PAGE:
Amid the joy and jubilation of day one of legal reefer in Illinois came this cautionary page-one Tribune headline posing the question: “Is ‘Just say no’ now a no-go? How to talk to kids about pot.”
Oh, brother. OK—a few thoughts right off the bat.
Number one, in all due respect to the many excellent and hardworking journalists at the Tribune, I’m not sure I’d turn to the Trib anytime soon for child-rearing advice.
I mean, this is the same newspaper that thought it would be a good idea to help usher in the age of Trump by endorsing Gary Johnson, the Libertarian candidate, for president back in 2016.
And number two—c’mon, Trib. This headline reads like a last gasp of reefer madness—as though marijuana is some foreign substance that kids know nothing about. As opposed to the substance they were smoking in the backyard just last week.
OK, yes, it’s good to talk to your kids about all the world’s tempting vices—gambling and drinking included. But let’s not pretend that Just Say No was anything more than a marketing campaign devised by slicksters who were probably high at the time.
Having said that, I think the Trib is onto something. It might not be such a bad idea to dedicate at least one article a day to explaining the inexplicable to youngsters.
Like, for instance, one of my personal favorites . . .
Why is it that when it comes to stuff like doling out billions to Amazon Chicago is flush with cash, but when it comes to hiring nurses for low-income kids in south- or west-side neighborhood schools, we’re dead broke?
Or, in the realm of marijuana . . .
If marijuana is so bad for you, how come mainly Black people got busted for possessing it?
And if everyone is so happy that it’s legal, why did it take so long to legalize it in the first place?
If you recall, it was a little over a year ago that Governor Bruce Rauner was promising downstate voters he would never allow city slickers up in Chicago to legalize weed.
Like downstaters don’t smoke reefer.
And it was only about five years ago that Mayor Rahm—gearing up for a run for his second term—vowed to fight against legalization.
Just like Rahm—leading from behind.
In fact, it was only about seven years ago that the aforementioned Tribune writers declared we should give “a dose of tough love” to young reefer smokers by hauling them off to jail.
Even though it was pretty clear that the only youngsters getting hauled off to jail were Black ones. I still feel bad for all those white teenagers in the suburbs who missed out on the tough love.
Coincidentally, legalization occurred the same week that President Trump led us a little closer to war with Iran by ordering the killing of General Qasem Soleimani.
Within days, Iran’s leaders were vowing revenge. Trump—who had promised to keep us out of endless wars—had dispatched another 3,500 troops to various Middle Eastern hot spots. And congressional Republicans—surprise, surprise—started calling on Democrats to drop impeachment because we have to rally around our president during wartime.
I still remember the protests that erupted over President George W. Bush’s decision to invade Iraq back in March of 2003. Pretty much everything those protesters warned us about has turned out to be true, particularly the prediction that having gone into Iraq, it would be very hard to get out.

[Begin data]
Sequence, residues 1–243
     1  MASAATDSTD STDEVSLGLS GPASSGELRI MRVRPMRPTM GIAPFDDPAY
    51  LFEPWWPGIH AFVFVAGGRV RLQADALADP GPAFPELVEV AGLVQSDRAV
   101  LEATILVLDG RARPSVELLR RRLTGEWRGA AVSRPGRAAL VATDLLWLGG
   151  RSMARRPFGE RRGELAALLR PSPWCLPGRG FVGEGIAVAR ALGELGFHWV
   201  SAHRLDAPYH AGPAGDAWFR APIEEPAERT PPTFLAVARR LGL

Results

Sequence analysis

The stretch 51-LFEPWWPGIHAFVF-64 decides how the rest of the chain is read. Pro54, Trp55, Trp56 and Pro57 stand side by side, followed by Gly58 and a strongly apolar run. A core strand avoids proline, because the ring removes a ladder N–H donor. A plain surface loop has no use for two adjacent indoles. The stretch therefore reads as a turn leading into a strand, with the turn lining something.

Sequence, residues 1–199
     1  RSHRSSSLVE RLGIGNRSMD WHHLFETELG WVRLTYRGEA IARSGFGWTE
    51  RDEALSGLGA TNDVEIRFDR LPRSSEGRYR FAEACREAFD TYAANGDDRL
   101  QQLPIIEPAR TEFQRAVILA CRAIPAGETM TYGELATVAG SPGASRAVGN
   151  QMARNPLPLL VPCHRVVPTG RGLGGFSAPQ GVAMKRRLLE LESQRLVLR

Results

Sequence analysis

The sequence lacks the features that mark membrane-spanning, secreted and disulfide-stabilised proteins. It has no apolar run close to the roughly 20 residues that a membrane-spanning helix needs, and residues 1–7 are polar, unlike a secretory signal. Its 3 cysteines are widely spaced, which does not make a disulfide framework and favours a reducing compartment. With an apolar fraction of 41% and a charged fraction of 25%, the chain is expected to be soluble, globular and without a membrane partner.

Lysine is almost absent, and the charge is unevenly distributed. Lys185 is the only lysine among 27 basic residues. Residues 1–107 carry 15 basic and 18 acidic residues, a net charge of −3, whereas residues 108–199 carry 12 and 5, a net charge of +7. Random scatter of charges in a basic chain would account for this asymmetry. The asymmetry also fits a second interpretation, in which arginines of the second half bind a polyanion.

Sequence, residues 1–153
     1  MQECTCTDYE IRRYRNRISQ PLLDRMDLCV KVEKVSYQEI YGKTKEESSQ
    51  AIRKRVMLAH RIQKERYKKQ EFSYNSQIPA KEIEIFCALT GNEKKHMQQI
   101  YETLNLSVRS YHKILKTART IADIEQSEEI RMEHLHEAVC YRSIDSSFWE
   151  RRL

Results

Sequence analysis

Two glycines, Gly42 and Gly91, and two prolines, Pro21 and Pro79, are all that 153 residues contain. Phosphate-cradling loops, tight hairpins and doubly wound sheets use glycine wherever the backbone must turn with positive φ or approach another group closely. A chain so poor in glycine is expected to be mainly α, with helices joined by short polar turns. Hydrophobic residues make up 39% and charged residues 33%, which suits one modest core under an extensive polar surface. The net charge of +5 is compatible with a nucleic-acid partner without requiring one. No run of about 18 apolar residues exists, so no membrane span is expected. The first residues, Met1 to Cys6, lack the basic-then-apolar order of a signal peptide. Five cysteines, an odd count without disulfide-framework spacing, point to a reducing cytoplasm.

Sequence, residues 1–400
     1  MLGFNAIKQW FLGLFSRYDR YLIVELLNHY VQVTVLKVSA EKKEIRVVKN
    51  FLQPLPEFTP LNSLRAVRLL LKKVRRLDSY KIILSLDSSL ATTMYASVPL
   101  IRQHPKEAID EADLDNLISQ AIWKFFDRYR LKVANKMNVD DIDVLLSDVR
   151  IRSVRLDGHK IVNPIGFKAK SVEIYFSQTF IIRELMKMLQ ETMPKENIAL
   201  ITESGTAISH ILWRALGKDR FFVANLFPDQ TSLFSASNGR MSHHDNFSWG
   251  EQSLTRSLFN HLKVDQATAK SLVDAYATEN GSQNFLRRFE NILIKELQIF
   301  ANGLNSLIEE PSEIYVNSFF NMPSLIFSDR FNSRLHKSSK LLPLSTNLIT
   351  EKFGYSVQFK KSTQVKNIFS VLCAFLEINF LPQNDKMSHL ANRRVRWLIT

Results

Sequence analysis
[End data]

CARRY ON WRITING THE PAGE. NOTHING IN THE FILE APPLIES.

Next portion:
At one point, hundreds of protesters marched onto Lake Shore Drive, shutting down rush-hour traffic.
When the marchers emerged from the Drive on the Gold Coast, the police rounded them up and carted them off to jail.
It was then-Mayor Daley’s way of letting everyone know how much he supported the war and how much he disdained those protesters who dared to close his Drive.
President Bush was forever grateful. In 2006, Bush flew to Chicago to celebrate his 60th birthday with Daley. They dined at a restaurant in the South Loop.
At that time, federal prosecutors were putting together corruption cases against the Daley administration, zeroing in on some of the mayor’s closest City Hall aides.
I know I can’t be the only Chicagoan who suspects Bush’s birthday visit was a not-so-subtle way of telling prosecutors to back off of Daley.
In the end, Bush got his war. Daley got to run Chicago. And a bunch of nettlesome lefties got tossed into jail. Thus giving bipartisanship a real bad name.
By the way, no one from the Bush administration—not Bush, not Vice President Dick Cheney, not Secretary of State Donald Rumsfeld, etc.—ever got prosecuted or impeached for lying or making up evidence to gin up support for that war.
So, here’s another paradox to discuss with the kiddies . . .
How come the people who were right about the war got thrown into jail for speaking out, while the leaders who deceived us into fighting it went unpunished?
Well, I don’t want to start the new year feeling all hopeless. So, consider this . . .
Five years after Bush launched that invasion, the country got all fired up and elected Obama, who had been against the war.
Of course, much of the country promptly went back to sleep once Obama was elected. As the Republicans regrouped and—here we are, in the age of Trump.
As we slip closer to the November presidential showdown, I think it might be a good idea to try that waking up thing again.
I love marijuana legalization as much as the next guy—but maybe we need less reefer and more resistance in the coming months.
Unless, of course, the former inspires you to do the latter. In which case, fire up the bong: we’ve got work to do. v